FIG. 10 is a diagrammatic representation of a clock pulse signal, the second clock pulse signal, required by the second form of full-wave rectifying circuit, the second clock pulse signal being the inverted form of the first clock pulse signal of FIG. 5,

FIG. 11 is a diagrammatic representation of a width-modulated pulse signal generated as an output signal by he second form of the full-wave rectifying circuit,

FIG. 12 is a diagrammatic representation of a first form of controlled-gain circuit for amplifying an analogue signal,

FIG. 13 is a diagrammatic representation of a second form of controlled-gain circuit for amplifying an analogue signal,

FIG. 14 is a diagrammatic representation of input and ramp signals for the controlled-gain circuit of FIG. 12,

FIG. 15 is a diagrammatic representation of a width-modulated signal generated within the controlled gain circuit of FIG. 12, when driven by the signals shown in FIG. 14,

FIG. 16 is a diagrammatic representation of an amplitude-modulated width-modulated pulse signal generated as an output signal by the controlled-gain circuit of FIG. 12 when driven by the signals shown in FIG. 14,

FIG. 17 is a diagrammatic representation of a clock pulse signal required by the controlled-gain circuit shown in FIG. 12,

FIG. 18 is a diagrammatic representation of a width-modulated pulse signal generated within the controlled-gain circuit shown in FIG. 12,

FIG. 19 is a diagrammatic representation of the input and ramp signals of FIG. 14 applied to the second form of controlled-gain circuit shown in FIG. 13,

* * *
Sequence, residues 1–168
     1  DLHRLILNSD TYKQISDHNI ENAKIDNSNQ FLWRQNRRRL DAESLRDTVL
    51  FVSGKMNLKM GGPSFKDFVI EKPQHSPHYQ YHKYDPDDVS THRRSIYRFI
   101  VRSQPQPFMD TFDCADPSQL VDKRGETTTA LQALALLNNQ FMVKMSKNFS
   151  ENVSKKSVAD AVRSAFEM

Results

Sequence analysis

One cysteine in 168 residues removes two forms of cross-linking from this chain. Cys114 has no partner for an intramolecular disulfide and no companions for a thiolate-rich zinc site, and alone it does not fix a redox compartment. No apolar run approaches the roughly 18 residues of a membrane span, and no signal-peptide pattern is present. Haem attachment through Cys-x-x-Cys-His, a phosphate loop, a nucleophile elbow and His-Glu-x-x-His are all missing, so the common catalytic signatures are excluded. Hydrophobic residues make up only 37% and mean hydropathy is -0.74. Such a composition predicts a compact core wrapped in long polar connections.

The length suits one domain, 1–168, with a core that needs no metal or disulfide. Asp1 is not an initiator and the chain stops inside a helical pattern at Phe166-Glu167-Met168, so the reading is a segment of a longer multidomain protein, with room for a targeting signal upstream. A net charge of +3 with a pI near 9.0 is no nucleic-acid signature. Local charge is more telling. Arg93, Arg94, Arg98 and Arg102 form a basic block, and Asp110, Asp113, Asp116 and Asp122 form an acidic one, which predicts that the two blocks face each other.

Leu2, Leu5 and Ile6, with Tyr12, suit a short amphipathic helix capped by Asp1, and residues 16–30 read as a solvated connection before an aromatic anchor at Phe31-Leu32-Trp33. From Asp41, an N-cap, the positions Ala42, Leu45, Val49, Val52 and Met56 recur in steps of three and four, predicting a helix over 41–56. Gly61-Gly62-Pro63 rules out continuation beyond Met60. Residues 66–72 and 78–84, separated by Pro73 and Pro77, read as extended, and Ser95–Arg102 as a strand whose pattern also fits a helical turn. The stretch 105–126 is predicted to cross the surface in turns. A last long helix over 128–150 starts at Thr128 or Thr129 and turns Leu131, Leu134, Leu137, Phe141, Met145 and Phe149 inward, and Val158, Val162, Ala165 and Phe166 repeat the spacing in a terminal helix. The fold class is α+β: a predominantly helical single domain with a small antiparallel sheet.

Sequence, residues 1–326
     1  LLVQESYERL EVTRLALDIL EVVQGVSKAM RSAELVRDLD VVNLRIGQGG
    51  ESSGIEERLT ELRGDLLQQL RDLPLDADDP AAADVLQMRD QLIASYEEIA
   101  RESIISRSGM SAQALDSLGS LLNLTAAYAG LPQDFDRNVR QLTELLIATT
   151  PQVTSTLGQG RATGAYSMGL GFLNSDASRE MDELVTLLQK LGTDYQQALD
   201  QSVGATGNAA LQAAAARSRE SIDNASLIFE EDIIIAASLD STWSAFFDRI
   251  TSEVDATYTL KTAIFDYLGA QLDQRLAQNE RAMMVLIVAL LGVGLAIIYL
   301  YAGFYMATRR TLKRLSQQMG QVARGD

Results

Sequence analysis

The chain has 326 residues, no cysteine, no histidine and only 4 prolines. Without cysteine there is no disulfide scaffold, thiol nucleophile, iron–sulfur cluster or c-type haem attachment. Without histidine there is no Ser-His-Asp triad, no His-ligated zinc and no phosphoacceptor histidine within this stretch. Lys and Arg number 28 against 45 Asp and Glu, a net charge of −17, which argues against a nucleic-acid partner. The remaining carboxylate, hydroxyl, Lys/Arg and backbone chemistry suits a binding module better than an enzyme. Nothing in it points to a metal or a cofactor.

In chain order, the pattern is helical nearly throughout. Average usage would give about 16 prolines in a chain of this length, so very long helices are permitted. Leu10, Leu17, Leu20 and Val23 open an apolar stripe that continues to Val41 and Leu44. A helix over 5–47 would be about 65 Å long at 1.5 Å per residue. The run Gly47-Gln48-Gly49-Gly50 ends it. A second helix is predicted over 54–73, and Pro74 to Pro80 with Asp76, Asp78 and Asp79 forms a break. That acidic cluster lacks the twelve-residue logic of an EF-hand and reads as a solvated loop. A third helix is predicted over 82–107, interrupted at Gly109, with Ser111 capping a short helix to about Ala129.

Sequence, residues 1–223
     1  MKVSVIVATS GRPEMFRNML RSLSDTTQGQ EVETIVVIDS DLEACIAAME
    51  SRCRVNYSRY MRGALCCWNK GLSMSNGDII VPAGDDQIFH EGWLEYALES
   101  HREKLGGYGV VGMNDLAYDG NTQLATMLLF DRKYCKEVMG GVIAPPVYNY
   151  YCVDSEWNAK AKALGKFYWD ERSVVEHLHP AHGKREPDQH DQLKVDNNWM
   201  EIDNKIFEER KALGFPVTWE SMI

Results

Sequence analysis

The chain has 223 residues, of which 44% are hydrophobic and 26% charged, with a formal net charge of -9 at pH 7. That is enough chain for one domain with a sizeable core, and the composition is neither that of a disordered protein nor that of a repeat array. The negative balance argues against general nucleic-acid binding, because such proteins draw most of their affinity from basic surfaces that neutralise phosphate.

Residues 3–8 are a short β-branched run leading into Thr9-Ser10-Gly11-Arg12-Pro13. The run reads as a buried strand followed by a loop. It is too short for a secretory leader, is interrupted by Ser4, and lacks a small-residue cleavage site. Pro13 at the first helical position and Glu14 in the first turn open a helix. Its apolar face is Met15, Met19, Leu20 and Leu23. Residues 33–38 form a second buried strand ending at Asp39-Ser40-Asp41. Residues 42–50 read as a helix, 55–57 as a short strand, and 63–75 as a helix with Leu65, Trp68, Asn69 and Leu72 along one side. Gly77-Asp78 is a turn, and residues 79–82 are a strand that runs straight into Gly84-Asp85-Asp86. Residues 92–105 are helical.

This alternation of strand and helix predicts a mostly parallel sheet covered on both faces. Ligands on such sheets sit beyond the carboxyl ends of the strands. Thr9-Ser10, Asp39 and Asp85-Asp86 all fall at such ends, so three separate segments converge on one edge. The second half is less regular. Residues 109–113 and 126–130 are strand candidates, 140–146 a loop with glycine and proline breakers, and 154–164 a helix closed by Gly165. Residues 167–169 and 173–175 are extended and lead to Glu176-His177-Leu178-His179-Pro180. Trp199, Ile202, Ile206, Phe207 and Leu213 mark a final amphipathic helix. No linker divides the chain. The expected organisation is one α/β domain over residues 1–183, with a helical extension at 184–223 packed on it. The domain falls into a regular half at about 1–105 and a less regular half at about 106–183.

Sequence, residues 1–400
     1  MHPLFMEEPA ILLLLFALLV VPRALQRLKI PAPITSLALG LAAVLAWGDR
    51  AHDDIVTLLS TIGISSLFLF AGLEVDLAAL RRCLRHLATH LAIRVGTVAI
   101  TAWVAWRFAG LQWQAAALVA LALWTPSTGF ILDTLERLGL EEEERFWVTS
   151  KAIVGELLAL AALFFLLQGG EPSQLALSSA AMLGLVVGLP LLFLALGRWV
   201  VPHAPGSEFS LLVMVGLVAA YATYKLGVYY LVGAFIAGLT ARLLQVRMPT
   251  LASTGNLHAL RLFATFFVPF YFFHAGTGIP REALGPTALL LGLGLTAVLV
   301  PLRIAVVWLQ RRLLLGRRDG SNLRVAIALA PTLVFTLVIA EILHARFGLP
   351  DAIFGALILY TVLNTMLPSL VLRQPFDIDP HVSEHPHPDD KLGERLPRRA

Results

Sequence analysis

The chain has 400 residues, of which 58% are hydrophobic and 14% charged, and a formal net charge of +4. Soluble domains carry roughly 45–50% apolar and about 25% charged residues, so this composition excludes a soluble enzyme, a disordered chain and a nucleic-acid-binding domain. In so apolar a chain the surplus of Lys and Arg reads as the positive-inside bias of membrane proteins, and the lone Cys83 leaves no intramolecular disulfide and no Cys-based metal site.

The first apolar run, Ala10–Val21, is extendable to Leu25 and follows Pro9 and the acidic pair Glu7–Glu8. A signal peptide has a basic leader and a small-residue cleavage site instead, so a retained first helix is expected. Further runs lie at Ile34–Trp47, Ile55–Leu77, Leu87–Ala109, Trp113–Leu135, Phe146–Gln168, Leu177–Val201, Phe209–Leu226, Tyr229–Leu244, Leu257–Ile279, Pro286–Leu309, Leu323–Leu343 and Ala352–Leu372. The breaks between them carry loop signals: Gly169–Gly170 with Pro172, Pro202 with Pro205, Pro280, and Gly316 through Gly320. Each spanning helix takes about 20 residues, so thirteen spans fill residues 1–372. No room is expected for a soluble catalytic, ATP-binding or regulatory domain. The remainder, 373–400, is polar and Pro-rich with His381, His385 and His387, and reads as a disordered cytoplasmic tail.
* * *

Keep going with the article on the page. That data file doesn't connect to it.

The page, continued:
FIG. 20 is a diagrammatic representation of an amplitude-modulated width-modulated signal generated as an output signal by the second form of controlled-gain circuit,

FIG. 21 is a diagrammatic representation of a clock pulse signal required by the second form of controlled-gain circuit and

FIG. 22 is a diagrammatic representation of a width-modulated pulse signal generated within the second form of gain-controlled circuit.

Referring to FIG. 1 of the accompanying drawings, the first form of the full-wave rectifying circuit includes a comparator stage having a non-inverting input port 6 and an inverting input port 7, a complementary MOS (CMOS) transistor inverter stage including transistors 2 and 3, an exclusive-OR logic stage 4 including a first input port 8 that serves as an input port for the full-wave rectifying circuit and an averaging stage 5 having an output port 9 serving as an output port for the full-wave rectifying circuit.

The comparator stage 1 has its output port connected to the gate electrodes of the PMOS transistor 2 and the NMOS transistor 3. The drain electrodes of the transistors 2 and 3 are connected together and are connected to a second input port of the exclusive-OR logic stage 4. The exclusive-OR logic stage 4 has an output port connected to the input port of the averaging stage 5. The PMOS transistor 2 and the NMOS transistor 3 are both enhancement mode devices.